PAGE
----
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If the issues are raised through social media, the brands must be very responsive. And this appears to be one area that quite a few financial services firms have mastered. Out of the 16 banks surveyed by Econsultancy, the response time for banks to respond to customer grievances is anywhere between 3 minutes and 1 hour 24 minutes.

However, social media shouldn’t be treated only as a complaining platform for the customers or advertising platform to the target audience. It can also be a great platform to showcase people the values of the company. For example, check the Twitter page of United States Automobile Association (USAA). During the event of any catastrophe, USAA is continually looking to make things easy and convenient for its customer base through its social media channels. Its cornerstone is, undoubtedly, customer happiness. Have a look at a few of its tweets yourself.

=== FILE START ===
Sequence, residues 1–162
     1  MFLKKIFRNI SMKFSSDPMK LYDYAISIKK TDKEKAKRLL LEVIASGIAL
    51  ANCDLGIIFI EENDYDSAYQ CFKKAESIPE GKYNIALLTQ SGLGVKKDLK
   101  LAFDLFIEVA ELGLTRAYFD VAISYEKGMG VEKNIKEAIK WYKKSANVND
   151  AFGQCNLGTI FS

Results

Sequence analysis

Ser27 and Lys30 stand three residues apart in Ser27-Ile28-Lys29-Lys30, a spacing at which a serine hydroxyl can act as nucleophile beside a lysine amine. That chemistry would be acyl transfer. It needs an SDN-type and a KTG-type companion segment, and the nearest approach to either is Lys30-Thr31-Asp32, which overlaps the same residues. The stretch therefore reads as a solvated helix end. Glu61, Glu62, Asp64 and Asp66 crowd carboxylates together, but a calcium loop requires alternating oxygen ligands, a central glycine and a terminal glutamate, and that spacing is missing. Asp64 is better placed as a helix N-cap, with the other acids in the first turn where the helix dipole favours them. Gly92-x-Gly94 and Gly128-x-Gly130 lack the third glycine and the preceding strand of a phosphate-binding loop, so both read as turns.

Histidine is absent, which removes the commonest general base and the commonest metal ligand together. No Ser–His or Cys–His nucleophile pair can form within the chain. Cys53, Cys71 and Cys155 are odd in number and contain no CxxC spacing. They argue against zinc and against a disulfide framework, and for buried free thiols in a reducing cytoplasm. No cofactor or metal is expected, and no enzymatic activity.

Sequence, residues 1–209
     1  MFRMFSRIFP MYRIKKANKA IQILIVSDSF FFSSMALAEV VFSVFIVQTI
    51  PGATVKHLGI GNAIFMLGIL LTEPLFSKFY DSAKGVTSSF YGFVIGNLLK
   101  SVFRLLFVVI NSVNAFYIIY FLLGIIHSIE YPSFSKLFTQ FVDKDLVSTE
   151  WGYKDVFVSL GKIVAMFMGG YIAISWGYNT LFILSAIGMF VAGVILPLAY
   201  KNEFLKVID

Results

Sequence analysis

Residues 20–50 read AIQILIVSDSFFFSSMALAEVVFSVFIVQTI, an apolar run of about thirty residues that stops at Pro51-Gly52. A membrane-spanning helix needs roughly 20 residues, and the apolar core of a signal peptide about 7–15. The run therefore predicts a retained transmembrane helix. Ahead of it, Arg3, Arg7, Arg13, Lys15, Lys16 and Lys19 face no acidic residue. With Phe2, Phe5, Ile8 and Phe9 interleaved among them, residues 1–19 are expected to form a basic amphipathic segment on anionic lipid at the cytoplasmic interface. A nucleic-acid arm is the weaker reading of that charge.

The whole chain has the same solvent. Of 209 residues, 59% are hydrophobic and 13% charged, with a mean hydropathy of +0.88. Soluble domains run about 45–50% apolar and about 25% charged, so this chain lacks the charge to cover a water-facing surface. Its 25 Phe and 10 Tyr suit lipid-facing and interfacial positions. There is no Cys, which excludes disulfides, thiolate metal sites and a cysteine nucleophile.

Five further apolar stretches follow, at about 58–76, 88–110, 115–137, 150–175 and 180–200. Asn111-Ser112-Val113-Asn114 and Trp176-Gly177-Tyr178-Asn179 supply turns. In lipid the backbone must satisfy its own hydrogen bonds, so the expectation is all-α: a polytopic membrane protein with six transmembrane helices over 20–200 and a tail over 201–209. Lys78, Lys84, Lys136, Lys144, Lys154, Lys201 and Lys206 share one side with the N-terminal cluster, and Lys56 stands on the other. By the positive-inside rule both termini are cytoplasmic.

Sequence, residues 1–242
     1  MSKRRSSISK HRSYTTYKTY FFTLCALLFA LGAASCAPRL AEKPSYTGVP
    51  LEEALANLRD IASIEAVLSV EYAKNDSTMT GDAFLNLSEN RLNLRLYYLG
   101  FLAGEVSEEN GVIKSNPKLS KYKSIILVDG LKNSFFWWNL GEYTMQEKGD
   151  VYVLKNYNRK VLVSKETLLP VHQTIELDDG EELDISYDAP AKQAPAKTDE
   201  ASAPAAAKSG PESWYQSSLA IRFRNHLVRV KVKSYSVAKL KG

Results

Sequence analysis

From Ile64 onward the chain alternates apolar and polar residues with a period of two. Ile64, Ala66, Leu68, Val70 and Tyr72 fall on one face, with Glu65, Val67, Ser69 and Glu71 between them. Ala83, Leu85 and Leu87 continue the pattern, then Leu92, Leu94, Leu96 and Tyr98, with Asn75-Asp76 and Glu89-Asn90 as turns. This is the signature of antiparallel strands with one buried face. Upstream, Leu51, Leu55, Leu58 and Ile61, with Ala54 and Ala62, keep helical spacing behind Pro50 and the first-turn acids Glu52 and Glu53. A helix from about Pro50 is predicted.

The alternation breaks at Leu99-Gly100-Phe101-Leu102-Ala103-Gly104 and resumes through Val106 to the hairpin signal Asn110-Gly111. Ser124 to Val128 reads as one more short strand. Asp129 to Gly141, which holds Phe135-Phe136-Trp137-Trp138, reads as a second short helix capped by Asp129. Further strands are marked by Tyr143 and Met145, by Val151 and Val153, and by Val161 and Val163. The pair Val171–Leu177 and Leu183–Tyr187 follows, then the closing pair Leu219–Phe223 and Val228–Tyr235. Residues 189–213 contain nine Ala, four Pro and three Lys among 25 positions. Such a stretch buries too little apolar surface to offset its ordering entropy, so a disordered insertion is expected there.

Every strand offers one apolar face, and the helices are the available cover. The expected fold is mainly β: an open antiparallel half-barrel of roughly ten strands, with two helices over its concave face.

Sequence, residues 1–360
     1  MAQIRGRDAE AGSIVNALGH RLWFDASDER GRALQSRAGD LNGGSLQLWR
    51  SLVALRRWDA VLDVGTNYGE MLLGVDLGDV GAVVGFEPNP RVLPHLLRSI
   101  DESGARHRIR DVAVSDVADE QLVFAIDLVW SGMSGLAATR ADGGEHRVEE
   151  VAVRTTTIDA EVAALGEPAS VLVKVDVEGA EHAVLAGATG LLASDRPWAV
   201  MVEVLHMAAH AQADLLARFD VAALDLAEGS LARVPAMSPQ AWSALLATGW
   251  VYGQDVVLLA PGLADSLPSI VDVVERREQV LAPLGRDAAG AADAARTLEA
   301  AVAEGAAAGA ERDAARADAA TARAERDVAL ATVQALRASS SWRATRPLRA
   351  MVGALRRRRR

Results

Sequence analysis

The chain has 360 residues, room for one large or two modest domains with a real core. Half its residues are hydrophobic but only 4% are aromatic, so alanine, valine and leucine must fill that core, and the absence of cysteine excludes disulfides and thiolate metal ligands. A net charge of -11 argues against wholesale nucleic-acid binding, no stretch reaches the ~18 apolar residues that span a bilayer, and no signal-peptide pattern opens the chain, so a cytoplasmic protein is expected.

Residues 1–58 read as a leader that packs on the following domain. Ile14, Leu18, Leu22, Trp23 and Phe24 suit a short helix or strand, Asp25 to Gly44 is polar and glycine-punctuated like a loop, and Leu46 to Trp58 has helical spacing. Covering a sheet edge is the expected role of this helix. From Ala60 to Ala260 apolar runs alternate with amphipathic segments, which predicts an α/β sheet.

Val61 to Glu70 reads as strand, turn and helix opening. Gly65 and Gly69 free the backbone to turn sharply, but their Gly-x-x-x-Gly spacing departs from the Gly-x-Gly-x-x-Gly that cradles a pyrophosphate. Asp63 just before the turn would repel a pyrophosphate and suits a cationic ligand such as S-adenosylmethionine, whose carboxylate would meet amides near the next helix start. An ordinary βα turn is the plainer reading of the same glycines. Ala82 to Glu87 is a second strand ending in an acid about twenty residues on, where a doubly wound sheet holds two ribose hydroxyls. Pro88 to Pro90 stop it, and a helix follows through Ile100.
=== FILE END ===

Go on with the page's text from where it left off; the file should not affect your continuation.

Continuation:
CX in financial services: USAA Tweet 1

CX in financial services: USAA tweet

Do check out this video too:

To sum it up, the established companies of the financial services sector agree that Customer Experience must be a top strategic priority. However, studies reveal that only 30% of them have invested in CX. The pointers above could help such companies greatly enhance their customer experience. Are there any other factors that these big boys could use to up their CS quotient? Do let me know!